I was caught red handed, though I still contend the light was more yellow than red—so let’s call it “orange” handed. I also contend that if the jacktard driver in front of me making a left turn had just sped up instead of hitting her brakes, I wouldn’t have had to scratch out a—cough, cough—$500 check out to the County of Riverside.
Sentiments to this effect are evident in the grainy black-and-white photo that accompanied my traffic ticket in the mail, where I can be seen mouthing the first syllable of a word that clearly starts with the letter “F.”
I now accept full responsibility for my actions, even if immediately afterward I may have spent a few hours Googling “how to beat a camera ticket.” (Apparently the big ticket-beating “secret” is to keep throwing away court notices until somebody dressed in body armor uses a battering ram to gain entrance through your front door. Then a German Shepherd attacks your larynx as you attempt to hide in the backyard underneath your family’s upside-down Toys R Us plastic pool. Uh, thanks but no thanks.)
I have always felt that education shouldn’t stop after graduation. Learning should be a lifelong pursuit because knowledge is, you know, important and stuff. That’s why when it was offered I readily jumped at the chance to attend traffic school. Well that and I didn’t want my insurance rates to go up. Believe me, you don’t’ want to see that talking Geico lizard angry.
Traffic school has changed a lot in the last decade. It used to be you actually had to go to traffic school. It was typically held at a local high school, community center or banquet hall and you were forced to piss away an entire Saturday being taught by some gym teacher-turned-traffic instructor who’d gone all dead inside and was just trying to make an easy $100 for popping in a few VHS tapes about road safety.
The traffic school movies were laughable, shot in the 1970s and starred some Willie Aames wannabe knocking back a few Seagram’s Wine Coolers before making the regrettable decision of driving home from a party. You can guess what happened next. Depending on the movie, it was one of several scenarios:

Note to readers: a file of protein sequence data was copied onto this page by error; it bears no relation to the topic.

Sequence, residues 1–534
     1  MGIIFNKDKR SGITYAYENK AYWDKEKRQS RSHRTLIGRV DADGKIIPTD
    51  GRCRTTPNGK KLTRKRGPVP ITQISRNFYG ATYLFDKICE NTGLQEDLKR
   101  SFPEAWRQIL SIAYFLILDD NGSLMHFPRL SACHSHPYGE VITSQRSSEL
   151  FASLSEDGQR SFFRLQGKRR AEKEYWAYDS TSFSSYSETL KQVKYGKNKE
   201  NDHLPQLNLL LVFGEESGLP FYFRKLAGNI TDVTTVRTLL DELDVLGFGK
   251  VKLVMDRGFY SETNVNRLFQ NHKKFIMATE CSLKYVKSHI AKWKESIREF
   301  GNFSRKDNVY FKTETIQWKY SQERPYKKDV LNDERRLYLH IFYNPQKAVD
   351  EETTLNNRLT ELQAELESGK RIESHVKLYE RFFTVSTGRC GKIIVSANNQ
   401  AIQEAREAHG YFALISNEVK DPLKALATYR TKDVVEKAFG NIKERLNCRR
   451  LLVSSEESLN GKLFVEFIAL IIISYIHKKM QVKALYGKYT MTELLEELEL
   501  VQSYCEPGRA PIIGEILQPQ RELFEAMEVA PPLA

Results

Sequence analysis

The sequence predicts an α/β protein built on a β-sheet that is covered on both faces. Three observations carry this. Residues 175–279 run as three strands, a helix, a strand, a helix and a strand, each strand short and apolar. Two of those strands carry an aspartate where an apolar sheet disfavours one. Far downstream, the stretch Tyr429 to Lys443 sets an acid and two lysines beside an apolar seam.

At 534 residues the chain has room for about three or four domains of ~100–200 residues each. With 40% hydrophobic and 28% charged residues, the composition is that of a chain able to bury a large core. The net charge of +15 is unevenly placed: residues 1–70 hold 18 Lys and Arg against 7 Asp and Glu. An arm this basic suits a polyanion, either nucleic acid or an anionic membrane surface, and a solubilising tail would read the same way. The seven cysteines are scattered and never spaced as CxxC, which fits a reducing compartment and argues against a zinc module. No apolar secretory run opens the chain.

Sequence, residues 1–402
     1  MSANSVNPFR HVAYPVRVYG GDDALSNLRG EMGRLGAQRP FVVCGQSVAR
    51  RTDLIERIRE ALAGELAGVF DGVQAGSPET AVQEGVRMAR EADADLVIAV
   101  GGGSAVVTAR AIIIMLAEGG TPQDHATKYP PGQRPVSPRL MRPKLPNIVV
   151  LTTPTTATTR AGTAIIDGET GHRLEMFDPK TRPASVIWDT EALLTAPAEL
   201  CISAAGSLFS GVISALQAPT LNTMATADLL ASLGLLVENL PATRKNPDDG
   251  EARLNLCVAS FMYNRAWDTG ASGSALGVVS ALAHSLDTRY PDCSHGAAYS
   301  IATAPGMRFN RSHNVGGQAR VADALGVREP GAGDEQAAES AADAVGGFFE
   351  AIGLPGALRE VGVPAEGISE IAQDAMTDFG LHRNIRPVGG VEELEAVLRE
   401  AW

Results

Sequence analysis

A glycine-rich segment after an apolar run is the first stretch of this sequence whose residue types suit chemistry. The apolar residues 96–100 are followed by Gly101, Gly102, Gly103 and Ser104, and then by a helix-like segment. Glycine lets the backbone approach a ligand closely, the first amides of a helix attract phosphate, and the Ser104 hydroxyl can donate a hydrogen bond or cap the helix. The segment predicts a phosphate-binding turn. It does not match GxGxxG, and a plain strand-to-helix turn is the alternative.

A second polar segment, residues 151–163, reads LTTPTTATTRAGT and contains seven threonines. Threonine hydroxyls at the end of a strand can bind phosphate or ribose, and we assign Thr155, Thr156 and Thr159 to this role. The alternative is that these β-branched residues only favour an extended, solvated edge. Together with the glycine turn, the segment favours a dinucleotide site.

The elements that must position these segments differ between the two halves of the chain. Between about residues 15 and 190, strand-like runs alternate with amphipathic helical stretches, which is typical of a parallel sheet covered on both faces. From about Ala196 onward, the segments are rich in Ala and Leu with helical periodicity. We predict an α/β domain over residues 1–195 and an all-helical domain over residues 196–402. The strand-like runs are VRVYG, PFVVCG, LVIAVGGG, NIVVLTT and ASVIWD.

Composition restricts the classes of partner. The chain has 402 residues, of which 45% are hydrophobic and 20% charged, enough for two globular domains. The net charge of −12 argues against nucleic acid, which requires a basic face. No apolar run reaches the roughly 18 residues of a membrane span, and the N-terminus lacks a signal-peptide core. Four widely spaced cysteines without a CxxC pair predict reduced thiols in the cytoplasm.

Willie steamrolled his ’78 Pontiac Trans Am through a bus full of elderly nuns on their way to a humanitarian aid mission to Guatemala. Or Willie was paralyzed from the waist down and had to give up his football scholarship to Quarterback State. Or Willie was involved in a head-on collision with another car. Miraculously Willie was unharmed, but he always wound up killing . . . his high school sweetheart Mary Beth! No-o-o-o-o!
And all because Willie made the tragic decision to not stay at the party and get completely wasted until he threw up and passed out in the host’s fireplace. (At least that’s the moral I always took from the stories.)
Yep, they just don’t make ’em like they used to. But with the advent of technology comes online traffic school which, let’s be honest, isn’t traffic school at all. Any idiot with a modem, an index finger and a return key can “pass” online traffic school in about three hours, especially when it includes multiple-choice quizzes at the end of each chapter with questions like this:
You are getting ready to make a right turn. You should:
A. Turn on your signaler
B. Turn on your heart light
C. Turn on, tune in and drop out
D. Turn into a werewolf
Needless to say, some time between the third and fourth quarters of a Monday Night Football game I “graduated” from online traffic school. I even had an impromptu ceremony right there in the living room with my two cats (who I made honorary “deans”).
It was a special moment because I’m the first online traffic school graduate in my family. I just wish Willie’s dead girlfriend have been alive to see it.
Contact Jeff Girod at firstname.lastname@example.org.